What bugs me about it is the incompetence of it all. Bernie supporters were primed to interpet every action and every vote in the worst possible way, and went into full-on outrage at the wrong time and in a kind of pathetic manner.  It is unfocused and ignorant protest, which accommplishes nothing and just makes you look bad. Worse, it all makes perfect sense if you buy into the conspiratorial mindset, and cannot bring yourself to give the other side some credit.

You don't build anything by encouraging your new supporters to demonize everone who doesn't agree, and you aren't training them to be effetive political actors if you prime them to respond with raw outrage over everything. Some of this was going to happen anyway, but openly embracing it is bonkers.

by Zwackus on Thu May 19th, 2016 at 08:43:02 PM EST
[ Parent ]
The 'report' of violence was based on a tweet from Nevada reporter Jon Ralston who left the convention before the climax and then received an exaggerated description of events that he tweeted as fact. He subsequently acknowledged this. One Sanders delegate is known to have lifted a chair over his head, but was immediately stopped from further action by the rest of Sanders' supporters. The whole thing is contrived BS. Media wrote their reports based on Ralston's tweed and, apparently, Harry Reid based his 'violence' comment on that same report. Subsequently they 'modified' their reports as claims came into question. But the tone of the whole coverage was set on misinformation.

"It is not necessary to have hope in order to persevere."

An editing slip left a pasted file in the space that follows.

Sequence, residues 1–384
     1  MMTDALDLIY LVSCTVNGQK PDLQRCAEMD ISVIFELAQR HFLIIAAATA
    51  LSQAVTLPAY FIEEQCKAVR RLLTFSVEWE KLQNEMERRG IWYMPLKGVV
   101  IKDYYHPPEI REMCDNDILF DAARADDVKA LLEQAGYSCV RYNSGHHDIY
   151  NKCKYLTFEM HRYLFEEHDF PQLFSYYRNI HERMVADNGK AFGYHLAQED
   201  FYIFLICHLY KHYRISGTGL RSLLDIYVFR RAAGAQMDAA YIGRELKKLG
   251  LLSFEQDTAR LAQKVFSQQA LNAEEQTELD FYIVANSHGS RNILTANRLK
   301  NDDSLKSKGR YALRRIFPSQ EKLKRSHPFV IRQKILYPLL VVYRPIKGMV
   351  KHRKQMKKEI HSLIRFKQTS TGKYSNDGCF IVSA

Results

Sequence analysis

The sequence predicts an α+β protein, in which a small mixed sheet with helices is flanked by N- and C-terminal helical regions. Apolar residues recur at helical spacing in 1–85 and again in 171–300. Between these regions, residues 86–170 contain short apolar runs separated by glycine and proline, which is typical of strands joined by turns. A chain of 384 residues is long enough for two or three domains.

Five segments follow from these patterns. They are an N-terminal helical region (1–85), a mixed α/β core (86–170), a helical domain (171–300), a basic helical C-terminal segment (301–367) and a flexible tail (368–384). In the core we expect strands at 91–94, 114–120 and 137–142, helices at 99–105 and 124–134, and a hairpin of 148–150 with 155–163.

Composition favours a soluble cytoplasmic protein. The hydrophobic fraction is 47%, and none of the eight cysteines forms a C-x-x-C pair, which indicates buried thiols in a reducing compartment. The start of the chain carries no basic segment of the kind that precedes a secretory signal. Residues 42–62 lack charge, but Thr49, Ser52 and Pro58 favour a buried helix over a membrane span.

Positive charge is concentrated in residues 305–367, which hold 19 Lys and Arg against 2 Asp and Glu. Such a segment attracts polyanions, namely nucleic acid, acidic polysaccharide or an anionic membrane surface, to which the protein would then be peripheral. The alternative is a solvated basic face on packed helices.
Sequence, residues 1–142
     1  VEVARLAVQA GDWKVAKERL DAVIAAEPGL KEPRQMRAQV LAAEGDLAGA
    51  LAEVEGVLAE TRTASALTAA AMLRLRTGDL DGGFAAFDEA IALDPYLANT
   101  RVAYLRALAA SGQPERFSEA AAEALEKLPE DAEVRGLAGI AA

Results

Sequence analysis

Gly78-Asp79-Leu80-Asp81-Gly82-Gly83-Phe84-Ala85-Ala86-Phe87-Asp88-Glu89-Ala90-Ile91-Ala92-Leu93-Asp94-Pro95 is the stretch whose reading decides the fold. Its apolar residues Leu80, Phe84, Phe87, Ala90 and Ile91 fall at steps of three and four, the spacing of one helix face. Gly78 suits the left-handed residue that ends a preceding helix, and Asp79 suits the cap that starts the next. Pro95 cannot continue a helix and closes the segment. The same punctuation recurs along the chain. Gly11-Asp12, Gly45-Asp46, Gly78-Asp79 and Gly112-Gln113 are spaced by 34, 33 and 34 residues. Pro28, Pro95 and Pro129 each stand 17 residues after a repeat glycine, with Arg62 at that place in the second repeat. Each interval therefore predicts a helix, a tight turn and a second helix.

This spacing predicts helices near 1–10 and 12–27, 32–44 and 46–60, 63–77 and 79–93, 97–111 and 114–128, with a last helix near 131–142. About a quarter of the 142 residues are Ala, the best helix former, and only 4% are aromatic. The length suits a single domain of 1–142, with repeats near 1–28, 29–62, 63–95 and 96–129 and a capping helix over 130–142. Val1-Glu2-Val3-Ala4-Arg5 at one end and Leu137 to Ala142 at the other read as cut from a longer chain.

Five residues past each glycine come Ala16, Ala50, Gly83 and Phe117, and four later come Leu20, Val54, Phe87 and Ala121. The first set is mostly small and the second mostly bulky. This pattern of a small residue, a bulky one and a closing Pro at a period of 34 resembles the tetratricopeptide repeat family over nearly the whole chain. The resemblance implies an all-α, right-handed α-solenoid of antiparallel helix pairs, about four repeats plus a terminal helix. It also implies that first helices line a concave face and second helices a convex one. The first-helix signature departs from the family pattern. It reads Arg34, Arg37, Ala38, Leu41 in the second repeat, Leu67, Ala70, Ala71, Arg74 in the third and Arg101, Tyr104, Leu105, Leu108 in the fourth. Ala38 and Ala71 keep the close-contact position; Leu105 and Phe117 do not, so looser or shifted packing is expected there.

by ARGeezer (ARGeezer a in a circle eurotrib daught com) on Thu May 19th, 2016 at 11:46:35 PM EST
[ Parent ]
Well what is the point of voting machines if not vote rigging? Certainly there seems to be a somewhat reasonable explanation for the weird exit poll results but I won't blame anyone for suspecting otherwise.
But Sanders didn't embrace this so that shouldn't be an issue here. What he did was, when faced with the routine bad faith calls to distance himself from his "violent" followers, to call their grievances legitimate. What else was he supposed to do? The point of those calls is to delegitimize and demobilize a political movement.
Another strange thing about this campaign is how telegraphed everything, especially from the Clinton campaign is.
by generic on Fri May 20th, 2016 at 03:49:50 AM EST
[ Parent ]
Another strange thing about this campaign is how telegraphed everything, especially from the Clinton campaign is.
This for  example:

Hillary Clinton plan: Defeat Bernie Sanders, then unify party - CNNPolitics.com -

is taking new steps to try and disqualify Bernie Sanders in the eyes of Democratic voters, hoping to extinguish the argument that he is an electable alternative for the party's presidential nomination.


As Sanders took a victory lap following a 14-point triumph in Wisconsin, Clinton took fresh aim at the Vermont senator as part of a three-part strategy before the New York primary on April 19: Disqualify him, defeat him, and unify the party later.

by generic on Fri May 20th, 2016 at 04:08:19 AM EST
[ Parent ]


Occasional Series